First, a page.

As a Social Worker she served in many positions related to child welfare, public assistance and community development, most notably as a director of Multiculturalism BC and appointee to the Immigration and Refugee Board of Canada. Her belief in our individual responsibility to give back has motivated her extensive community involvement and leadership.

Ms. George has served as a leader with many organizations, including: BC Association of Social Workers, Immigrant and Visible Minority Women of Canada and the International Council of Social Welfare, Canada. She is also a director of the Stephen Lewis Foundation, and president of the Vancouver Branch of the United Nations Association in Canada. She has been awarded the Order of British Columbia, the Order of Canada and received honorary doctorates from the University of the Fraser Valley and the University of British Columbia.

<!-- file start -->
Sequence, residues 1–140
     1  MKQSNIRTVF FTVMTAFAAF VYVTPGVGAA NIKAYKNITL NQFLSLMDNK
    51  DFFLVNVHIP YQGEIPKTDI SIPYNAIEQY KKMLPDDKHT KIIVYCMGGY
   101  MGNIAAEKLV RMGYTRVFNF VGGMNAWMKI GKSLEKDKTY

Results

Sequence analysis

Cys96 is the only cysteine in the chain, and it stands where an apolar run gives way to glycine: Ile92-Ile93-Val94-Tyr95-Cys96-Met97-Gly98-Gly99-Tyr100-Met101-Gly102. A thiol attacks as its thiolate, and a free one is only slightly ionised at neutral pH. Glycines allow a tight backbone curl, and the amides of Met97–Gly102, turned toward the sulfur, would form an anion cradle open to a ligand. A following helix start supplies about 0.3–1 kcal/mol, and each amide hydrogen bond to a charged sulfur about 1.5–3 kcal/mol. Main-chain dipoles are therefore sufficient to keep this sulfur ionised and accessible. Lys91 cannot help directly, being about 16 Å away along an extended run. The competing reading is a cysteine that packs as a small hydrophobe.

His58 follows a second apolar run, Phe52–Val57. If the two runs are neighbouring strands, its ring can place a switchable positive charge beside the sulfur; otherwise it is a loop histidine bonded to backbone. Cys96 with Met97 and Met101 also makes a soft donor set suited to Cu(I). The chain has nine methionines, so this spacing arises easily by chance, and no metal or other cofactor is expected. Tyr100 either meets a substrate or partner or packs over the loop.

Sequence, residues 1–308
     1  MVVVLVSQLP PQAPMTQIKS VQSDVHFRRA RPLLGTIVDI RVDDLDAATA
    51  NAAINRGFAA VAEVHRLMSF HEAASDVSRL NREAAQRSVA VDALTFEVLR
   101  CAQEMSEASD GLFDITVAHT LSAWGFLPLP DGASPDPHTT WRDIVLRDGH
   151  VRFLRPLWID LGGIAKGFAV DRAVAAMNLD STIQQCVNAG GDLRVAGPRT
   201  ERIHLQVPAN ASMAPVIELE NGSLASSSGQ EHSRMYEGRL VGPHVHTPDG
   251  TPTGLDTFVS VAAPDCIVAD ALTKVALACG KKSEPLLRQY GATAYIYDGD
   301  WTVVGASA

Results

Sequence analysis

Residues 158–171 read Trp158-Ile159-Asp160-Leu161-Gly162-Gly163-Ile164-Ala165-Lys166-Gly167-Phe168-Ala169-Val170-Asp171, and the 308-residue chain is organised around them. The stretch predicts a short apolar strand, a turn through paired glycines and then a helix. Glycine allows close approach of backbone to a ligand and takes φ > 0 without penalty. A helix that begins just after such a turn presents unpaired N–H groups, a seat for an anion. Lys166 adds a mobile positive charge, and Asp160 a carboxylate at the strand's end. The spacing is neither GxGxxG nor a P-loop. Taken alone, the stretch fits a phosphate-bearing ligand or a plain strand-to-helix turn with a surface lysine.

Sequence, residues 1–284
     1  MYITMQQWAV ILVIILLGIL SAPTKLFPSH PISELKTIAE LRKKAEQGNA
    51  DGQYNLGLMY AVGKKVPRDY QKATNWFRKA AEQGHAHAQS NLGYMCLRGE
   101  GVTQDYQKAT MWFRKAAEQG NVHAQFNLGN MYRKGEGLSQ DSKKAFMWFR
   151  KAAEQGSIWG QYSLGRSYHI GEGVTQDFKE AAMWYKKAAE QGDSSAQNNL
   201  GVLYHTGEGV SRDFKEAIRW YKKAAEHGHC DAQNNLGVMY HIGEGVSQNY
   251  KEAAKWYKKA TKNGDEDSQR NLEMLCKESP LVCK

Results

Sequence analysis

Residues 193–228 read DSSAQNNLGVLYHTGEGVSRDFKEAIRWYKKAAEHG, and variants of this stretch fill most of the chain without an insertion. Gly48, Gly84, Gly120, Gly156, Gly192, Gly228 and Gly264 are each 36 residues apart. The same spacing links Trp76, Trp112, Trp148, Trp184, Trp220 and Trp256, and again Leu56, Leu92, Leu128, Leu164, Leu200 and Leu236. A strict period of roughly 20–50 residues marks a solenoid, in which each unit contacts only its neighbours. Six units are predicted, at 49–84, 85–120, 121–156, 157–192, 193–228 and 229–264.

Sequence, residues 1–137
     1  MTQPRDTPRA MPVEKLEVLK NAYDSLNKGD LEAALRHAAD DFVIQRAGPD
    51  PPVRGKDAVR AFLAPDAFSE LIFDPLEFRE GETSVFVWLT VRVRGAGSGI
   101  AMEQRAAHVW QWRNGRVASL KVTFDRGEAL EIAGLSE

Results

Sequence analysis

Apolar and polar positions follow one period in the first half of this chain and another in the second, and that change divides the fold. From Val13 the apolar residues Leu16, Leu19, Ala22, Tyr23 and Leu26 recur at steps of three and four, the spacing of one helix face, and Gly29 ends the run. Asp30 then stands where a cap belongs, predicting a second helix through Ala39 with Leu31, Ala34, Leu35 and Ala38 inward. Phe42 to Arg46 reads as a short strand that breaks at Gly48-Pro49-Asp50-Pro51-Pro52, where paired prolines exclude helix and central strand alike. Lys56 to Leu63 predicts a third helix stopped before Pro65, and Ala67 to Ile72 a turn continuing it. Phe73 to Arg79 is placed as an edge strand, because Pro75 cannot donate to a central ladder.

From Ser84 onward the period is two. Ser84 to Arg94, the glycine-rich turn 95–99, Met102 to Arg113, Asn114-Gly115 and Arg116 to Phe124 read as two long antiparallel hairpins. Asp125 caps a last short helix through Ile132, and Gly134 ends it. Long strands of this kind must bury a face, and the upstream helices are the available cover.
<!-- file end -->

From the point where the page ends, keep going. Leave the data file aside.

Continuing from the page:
Frank Giustra

Entrepreneur and Philanthropist

Frank Giustra, President and CEO of Fiore Capital Corp is known for extensive philanthropic efforts locally and globally which have provided life saving disaster assistance, societal improvement, economic development and cultural advancement. His professional background in the investment, mining and entertainment industries provided the foundation from which his philanthropy has grown, particularly his creation of the Radcliffe Foundation in support of local and international disaster relief, economic development and homelessness charities.

His support close to home includes BC Children’s Hospital, Canuck Place and the Streetohome Foundation.

Globally, Mr. Giustra is a trustee of the International Crisis Group; an international non-governmental, not-for-profit organization whose mission is to prevent and resolve deadly conflicts through high-level advocacy. He is also a member of the Board of Trustees of the Clinton Foundation, and partnered with former US President Bill Clinton to create the Clinton Giustra Enterprise Partnership aimed at developing initiatives to alleviate poverty in the developing world.